Staten Island Advance
A 'secret' organization says it has nothing to hide
Sunday, March 21, 2004
By JOHN ANNESE
They use a secret handshake, secret words and secret initiation rituals.
But with new attention being paid to the international society after an accidental shooting death during a Long Island ritual, Masons on Staten Island have been downplaying the secrecy associated with the centuries-old group.
Masons worldwide claim that brotherliness, charity and mutual aid are among their basic principals.
"It's not a cult. It's not a secret organization. And everything is pretty much above board," said George MacDonald, deputy grand master of the Richmond district, which oversees Masonic activity here.
That doesn't mean, however, that MacDonald will let an outsider know how to perform a secret handshake, or what goes on when a new member gets inducted.
Anyone with a library card can find out for themselves, he said.
MacDonald, who recently moved to New Jersey from New Dorp, said he spotted many of the same rituals the Masons perform when he attended his son's college fraternity initiation, though he wouldn't describe what he saw.
"I can't tell you that, because that would be telling the secret, but that's the same stuff," he said.
Also, he insists, true Masonic rituals never involve guns.
TRAGEDY ON LONG ISLAND
On March 8, a Mason accidentally shot and killed a fellow Mason in the basement of the South Side Masonic Lodge in Patchogue, according to Suffolk County police.
The shooter had intended to scare William James, 47, of Medford, by pulling a gun loaded with blanks out of his pocket during an initiation ceremony for the Fellowcraft Club, a social group of sorts within the South Side lodge, police said.
He was carrying a second pistol -- loaded with real bullets -- in another pocket, and he grabbed that gun by mistake, shooting James in the face and killing him, police said. Police charged the gunman with second-degree manslaughter.
Since the shooting, state and local Mason officials have been quick to disassociate themselves with the Fellowcraft Club, calling the induction ritual unapproved and unsanctioned, on a night no formal ceremonies should have occurred.
Carl J. Fitje, grand master of the state's Grand Lodge of Free and Accepted Masons, said he's suspended the South Side lodge's charter and members until a panel of lawyers completes an investigation into social clubs that use Masonic premises. This panel would issue a report within the next month or two, Fitje wrote in a prepared statement.
"The panel will make recommendations intended to assure such a tragedy never happens again," he wrote. Also, he wrote, the state organization has started a fund for James' family.
NO GUNS ALLOWED
Although a handful of Masons attending a recent Staten Island Mason of the Year dinner balked at questions about the shooting, most responded with nearly identical remarks: They called it an "unfortunate" tragedy, and insisted that guns play no role in any of their ceremonies.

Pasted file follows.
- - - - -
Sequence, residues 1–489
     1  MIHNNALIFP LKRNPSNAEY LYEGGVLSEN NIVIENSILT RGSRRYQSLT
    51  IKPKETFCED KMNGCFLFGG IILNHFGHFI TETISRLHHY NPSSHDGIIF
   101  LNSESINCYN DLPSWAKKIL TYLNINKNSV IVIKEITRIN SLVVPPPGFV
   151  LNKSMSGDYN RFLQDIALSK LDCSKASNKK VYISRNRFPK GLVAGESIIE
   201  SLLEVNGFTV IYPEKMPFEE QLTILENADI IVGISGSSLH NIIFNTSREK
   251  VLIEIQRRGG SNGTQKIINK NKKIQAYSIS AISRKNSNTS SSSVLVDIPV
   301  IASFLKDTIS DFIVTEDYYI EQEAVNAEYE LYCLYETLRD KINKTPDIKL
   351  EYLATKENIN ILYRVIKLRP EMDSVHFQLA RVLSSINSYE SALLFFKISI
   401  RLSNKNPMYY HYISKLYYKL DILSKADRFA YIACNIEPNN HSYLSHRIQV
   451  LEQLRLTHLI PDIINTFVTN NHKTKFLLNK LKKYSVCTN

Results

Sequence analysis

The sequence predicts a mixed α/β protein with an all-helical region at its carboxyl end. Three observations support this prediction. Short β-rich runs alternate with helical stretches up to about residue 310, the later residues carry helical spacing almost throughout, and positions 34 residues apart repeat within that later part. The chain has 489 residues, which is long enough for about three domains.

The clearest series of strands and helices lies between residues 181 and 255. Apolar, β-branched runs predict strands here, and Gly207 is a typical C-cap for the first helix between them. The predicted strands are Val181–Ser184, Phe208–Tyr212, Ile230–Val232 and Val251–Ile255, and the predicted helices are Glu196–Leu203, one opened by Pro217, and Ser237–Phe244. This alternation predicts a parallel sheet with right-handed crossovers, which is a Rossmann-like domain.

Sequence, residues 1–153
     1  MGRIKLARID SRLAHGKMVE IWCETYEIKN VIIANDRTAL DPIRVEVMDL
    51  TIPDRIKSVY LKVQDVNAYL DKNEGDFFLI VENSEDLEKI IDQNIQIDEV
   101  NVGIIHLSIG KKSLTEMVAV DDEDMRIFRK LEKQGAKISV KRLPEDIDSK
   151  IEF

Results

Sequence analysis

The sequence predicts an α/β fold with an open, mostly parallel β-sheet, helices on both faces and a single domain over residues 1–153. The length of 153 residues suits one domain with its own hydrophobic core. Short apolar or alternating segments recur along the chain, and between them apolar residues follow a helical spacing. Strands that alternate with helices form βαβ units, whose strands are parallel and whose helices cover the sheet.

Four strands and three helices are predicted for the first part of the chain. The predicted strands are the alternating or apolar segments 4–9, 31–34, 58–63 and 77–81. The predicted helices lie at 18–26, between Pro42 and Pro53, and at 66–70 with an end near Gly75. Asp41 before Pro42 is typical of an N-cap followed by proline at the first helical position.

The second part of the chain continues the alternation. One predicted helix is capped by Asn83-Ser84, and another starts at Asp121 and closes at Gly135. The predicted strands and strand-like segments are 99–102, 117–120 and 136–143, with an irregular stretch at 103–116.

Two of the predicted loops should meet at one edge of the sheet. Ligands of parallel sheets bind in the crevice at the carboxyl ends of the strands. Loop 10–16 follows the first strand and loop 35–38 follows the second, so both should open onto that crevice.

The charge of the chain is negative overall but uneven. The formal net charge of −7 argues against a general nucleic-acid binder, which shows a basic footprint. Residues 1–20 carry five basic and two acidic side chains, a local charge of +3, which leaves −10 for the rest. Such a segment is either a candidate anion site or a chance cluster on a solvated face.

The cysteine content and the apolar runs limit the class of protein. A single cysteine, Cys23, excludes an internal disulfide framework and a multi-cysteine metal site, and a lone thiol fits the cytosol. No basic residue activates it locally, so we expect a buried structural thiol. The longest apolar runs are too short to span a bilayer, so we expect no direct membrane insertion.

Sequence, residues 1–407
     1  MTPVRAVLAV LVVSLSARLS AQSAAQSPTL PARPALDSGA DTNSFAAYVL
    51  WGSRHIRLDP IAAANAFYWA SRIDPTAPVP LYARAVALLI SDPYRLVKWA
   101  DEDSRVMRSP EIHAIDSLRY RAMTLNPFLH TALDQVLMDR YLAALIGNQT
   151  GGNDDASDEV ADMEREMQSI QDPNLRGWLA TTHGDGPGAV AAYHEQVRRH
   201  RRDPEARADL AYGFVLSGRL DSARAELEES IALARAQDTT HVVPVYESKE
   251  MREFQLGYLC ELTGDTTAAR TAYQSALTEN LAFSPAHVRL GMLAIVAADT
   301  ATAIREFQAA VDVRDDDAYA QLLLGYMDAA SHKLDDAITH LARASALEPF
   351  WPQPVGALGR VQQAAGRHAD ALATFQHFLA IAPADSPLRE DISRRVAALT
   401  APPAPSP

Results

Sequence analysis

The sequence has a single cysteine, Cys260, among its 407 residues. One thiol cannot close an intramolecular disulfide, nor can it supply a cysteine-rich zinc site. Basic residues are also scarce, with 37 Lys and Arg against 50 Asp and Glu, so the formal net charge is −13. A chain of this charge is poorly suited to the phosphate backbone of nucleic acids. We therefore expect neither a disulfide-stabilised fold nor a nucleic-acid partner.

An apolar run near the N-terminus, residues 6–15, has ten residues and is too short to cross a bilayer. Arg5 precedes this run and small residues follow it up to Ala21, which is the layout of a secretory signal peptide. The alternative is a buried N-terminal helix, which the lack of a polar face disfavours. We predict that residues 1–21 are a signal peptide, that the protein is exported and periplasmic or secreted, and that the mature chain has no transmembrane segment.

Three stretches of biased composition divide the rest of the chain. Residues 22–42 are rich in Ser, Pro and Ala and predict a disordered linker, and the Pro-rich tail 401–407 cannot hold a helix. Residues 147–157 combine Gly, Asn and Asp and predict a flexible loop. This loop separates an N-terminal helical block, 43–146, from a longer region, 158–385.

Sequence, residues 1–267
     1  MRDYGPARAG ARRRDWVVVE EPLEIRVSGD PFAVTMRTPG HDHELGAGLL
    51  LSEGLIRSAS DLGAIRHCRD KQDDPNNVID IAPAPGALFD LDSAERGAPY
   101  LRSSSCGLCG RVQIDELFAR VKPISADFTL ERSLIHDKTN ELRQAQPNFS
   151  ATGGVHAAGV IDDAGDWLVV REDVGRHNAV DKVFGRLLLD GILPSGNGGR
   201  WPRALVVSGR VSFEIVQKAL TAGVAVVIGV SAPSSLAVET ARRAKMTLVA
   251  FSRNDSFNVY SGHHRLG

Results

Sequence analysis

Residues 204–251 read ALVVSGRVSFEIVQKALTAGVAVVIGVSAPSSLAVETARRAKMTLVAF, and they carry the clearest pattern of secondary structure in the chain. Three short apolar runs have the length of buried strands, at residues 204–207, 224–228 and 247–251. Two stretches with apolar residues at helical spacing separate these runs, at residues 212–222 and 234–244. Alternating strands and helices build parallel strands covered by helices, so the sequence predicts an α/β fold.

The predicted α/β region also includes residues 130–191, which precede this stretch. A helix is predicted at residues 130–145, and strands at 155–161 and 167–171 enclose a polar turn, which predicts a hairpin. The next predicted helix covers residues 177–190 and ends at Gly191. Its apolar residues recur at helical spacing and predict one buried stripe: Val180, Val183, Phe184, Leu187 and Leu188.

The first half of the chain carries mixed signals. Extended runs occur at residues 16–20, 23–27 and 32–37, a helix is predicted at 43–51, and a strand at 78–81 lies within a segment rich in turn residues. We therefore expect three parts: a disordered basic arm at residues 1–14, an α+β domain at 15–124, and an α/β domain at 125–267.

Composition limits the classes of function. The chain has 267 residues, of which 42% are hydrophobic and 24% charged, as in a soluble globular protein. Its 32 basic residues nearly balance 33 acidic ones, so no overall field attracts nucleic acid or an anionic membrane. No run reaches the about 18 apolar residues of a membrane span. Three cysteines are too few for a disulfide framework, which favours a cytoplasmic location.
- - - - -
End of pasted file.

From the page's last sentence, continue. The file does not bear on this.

"I knew right away that it was something that was not in the ceremonies we have performed," said Richard Nieves of Bulls Head, a member of the LaGuardia Masonic Lodge.
Modern-day Masonry began with the creation of the English Grand Lodge in London in 1717, although members trace the group's roots back to guilds of stonemasons and cathedral builders in the Middle Ages.
Typically, induction rituals involve disorienting new members, putting them "out of sorts," according to Steven C. Bullock, a history professor at Worcester Polytechnic Institute in Massachusetts.
An initiate might be blindfolded, he said, and might have the point of the Masonic compass pushed against his chest.
"I think fear plays some part in it," said Bullock, who in 1996 wrote "Revolutionary Brotherhood: Freemasonry and the Transformation of the American Social Order."
"The point is not to humiliate people or to make them feel strange, but to make them better, I guess is the term, to bring them into the family, to create some sort of moral improvement," Bullock said.
He points to one publication, Capt. William Morgan's "Illustrations of Masonry," as an accurate portrayal of the initiation rituals held in the early 1800s.
"The story line's essentially the same," he said.
Morgan's book describes the rituals in detail, including the questions asked of each member, the pointing of the compass, and how to perform the group's handshake -- "a pressing of the knuckles" meant to be performed subtly, but in plain view, Bullock said.
The only other initiation death Bullock said he's heard of involved an unsanctioned ceremony in Benjamin Franklin's era, when an initiate was accidentally burned by oil.
Nieves and Edward R. Stouter, a former district deputy grand master, worried that the shooting, and the subsequent bad press, may overshadow Masons' philanthropic efforts.
"I hope it doesn't. We do a lot of good work," Stouter, an Oakwood resident, said.
On Staten Island, membership in the borough's seven lodges has dropped from more than 3,500 in the 1960s to about 1,100 by last February.
Last year, the state grand lodge started a recruiting drive to bolster the organization's dwindling ranks, and held a class where prospective members -- men, 21 years old or older, who believe in some kind of supreme being -- could join up in a single day.
The recruiting drive brought in about 50 new members to Staten Island lodges, MacDonald said, though he couldn't say how many members the lodges lost to old age.
John Annese is a news reporter for the Advance. He may be reached at email@example.com.